Address to the Catholic community in Athens, Cathedral of Saint Dionysius

Being a minority does not mean being insignificant

 Being a minority   does not mean being insignificant  ING-051
17 December 2021

Late in the afternoon on Saturday, 4 December, the Holy Father met with bishops, priests, religious, seminarians and catechists of the Catholic community of Athens at the Cathedral of Saint Dionysius. Upon his arrival, he was welcomed by the Archbishop of Athens, Theodoros Kontidis, sj , and by the parish priest, who handed him a Cross and holy water. After a welcome address from Archbishop emeritus of Athens and President of the Episcopal Conference of Greece, Sevastianos Rossolatos, the Pontiff heard testimonials from a Sister of the Incarnate Word and a lay person. The following is the English text of Pope Francis’ words to those gathered in the cathedral.

Dear Brother Bishops,
Dear Priests, Religious and Seminarians
Dear Sisters and Brothers, kalispera sas! (Good evening!)


thank you from the heart for your warm welcome and for the kind words of greeting addressed to me by Archbishop Rossolatos. Thank you, Sister, for your own witness: it is important that men and women religious carry out their service in this spirit, with an impassioned love that becomes a gift for the communities to which they are sent. Thanks! Thank you too, Rokos, for your fine testimony of faith lived in the family, in daily life, together with children who, like so many young people, at a certain point begin to ask, to wonder, and become a bit critical about certain things. But that too is not bad, for it helps us as a Church to reflect and to change.

I am happy to meet you in a land that is a gift, a patrimony of mankind, on which the foundations of the West have been built. All of us are sons and daughters of your country, and in her debt: without the poetry, literature, philosophy and art that developed here, we would not be familiar with many aspects of human existence, or be able to respond to many profound questions regarding life, love, suffering and also death.

At the dawn of Christianity, this rich heritage gave rise to an inculturation of the faith, carried out, as if in a “laboratory”, thanks to the wisdom of many of our Fathers in the faith, who by their holiness of life and their writings remain a beacon of light for believers in every age. But if we ask ourselves who inaugurated this encounter between early Christianity and Greek culture, we think immediately of the Apostle Paul. He began this work of synthesizing those two worlds. He did it in this very place, as we read in the Acts of the Apostles. He came to Athens, began to preach in the city squares and was brought by some philosophers to the Areopagus (cf. Acts 17:16-34), the assembly of elders and learned men whose task was to pass judgement on matters of public interest. Let us stop and reflect on this episode. We can be guided in our journey as Church by two attitudes demonstrated by the Apostle Paul that can prove helpful for our contemporary efforts to inculturate the faith.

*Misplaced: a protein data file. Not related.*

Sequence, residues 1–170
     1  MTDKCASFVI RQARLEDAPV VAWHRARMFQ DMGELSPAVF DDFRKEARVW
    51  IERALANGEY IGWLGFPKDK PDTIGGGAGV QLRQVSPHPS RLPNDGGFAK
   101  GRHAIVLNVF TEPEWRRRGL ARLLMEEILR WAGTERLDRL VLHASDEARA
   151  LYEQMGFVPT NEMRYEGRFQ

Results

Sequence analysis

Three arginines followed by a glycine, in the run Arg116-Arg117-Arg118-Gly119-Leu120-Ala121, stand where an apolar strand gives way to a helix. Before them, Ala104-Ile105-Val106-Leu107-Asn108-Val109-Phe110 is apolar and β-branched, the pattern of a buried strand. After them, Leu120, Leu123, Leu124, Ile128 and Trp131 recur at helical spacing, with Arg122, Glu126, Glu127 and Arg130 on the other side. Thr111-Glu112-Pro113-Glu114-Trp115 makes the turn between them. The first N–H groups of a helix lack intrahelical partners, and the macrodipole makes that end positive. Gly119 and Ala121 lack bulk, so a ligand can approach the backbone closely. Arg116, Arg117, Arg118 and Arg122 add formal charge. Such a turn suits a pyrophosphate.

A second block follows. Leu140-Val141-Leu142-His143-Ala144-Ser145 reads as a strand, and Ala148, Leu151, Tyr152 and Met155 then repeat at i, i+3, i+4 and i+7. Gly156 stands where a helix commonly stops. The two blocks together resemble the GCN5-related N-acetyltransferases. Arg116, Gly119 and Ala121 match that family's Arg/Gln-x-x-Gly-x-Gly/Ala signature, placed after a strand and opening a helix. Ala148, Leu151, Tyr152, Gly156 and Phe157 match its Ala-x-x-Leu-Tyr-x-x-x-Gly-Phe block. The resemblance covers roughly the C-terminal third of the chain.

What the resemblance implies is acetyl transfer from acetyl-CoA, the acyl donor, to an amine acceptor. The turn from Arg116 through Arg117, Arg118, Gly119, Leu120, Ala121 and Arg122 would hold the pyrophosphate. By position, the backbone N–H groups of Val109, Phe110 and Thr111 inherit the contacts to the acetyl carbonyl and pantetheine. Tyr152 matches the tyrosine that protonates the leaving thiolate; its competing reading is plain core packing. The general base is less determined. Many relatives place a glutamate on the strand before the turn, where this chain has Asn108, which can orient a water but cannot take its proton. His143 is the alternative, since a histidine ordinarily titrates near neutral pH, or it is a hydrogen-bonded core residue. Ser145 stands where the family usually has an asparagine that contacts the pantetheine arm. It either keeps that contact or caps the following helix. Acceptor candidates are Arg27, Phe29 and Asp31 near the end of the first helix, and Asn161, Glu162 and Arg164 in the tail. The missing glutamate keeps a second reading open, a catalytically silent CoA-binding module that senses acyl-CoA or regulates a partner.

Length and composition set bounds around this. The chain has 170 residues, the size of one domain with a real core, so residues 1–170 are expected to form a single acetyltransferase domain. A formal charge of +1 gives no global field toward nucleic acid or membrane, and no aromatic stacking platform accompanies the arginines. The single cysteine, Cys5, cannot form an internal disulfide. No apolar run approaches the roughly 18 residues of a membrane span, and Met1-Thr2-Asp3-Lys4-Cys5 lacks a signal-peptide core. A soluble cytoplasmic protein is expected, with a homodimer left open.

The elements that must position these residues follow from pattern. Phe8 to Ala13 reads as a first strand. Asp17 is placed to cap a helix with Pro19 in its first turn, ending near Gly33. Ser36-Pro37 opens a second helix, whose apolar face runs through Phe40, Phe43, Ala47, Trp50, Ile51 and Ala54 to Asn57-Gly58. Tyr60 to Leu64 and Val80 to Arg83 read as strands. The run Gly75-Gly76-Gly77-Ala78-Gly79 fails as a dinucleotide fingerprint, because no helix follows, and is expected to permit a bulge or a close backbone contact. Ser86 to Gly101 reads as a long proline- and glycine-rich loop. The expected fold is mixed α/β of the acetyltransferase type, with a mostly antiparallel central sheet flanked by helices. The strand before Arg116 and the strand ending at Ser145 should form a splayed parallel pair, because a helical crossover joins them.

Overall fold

The first attitude is confident trust. As Paul preached, some philosophers began to wonder what this “charlatan” was trying to say (v. 18). They called him a charlatan: one who makes things up, taking advantage of the good faith of his listeners. So they brought him to the Areopagus. We should not imagine that they were simply offering him a platform. On the contrary, they brought him there to interrogate him: “May we know what this new teaching is that you are presenting? For you bring some strange things to our ears; we wish to know therefore what these things mean” (vv. 19-20). In a word, Paul was being put to the test.

This part of Paul’s mission in Greece can teach us an important lesson today. The Apostle was hard pressed. Shortly before, in Thessalonica he had been prevented from preaching; due to the turmoil stirred up by his opponents, he had to flee the city at night. Now, upon arriving in Athens, he had been taken for a charlatan and brought to the Areopagus as an unwelcome guest. This was not a moment of triumph for Paul. He was carrying out his mission in a difficult situation. Perhaps, many times along the way, we too feel weary and even frustrated at being a small community, a Church with few resources operating in a climate that is not always favourable. Think about Paul in Athens. He was alone, in the minority, unwelcome and with little chance of success. But he did not allow himself to be overcome by discouragement. He did not give up on his mission. Nor did he yield to the temptation to complain. This is very important: beware of complaining. That is the attitude of a true apostle: to go forward with confidence, preferring the uncertainty of unexpected situations to the force of habit and repetition. Paul had that courage. Where does it come from? From confident trust in God. His was the courage born of trust in God, who always loves to accomplish great things through our lowliness.

Dear brothers and sisters, let us have that same confident trust, for being a small Church makes us an eloquent sign of the Gospel, of the God proclaimed by Jesus who chooses the poor and the lowly, who changes history by the simple acts of ordinary people. As Church, we are not called to have the spirit of conquest and victory, impressive numbers or worldly grandeur. All this is dangerous. It can tempt us to triumphalism. We are asked to take our inspiration from the mustard seed, which appears insignificant, but grows slowly and quietly. “It is the smallest of all seeds” — Jesus tells us — “but when it has grown it is the greatest of shrubs and becomes a tree” (Mt 13:32). We are asked to be yeast, which rises patiently and silently, hidden within the dough of the world, thanks to the constant work of the Holy Spirit (cf. Mt 13:33). The secret of the Kingdom of God is in the little things, often quiet and unseen. The Apostle Paul, whose very name means “little”, lived in confident trust, because he welcomed those words of the Gospel into his heart and made them a lesson for the faithful of Corinth: “the weakness of God is stronger than men”; “God chose what is weak in the world to shame the strong” (1 Cor 1:25, 27).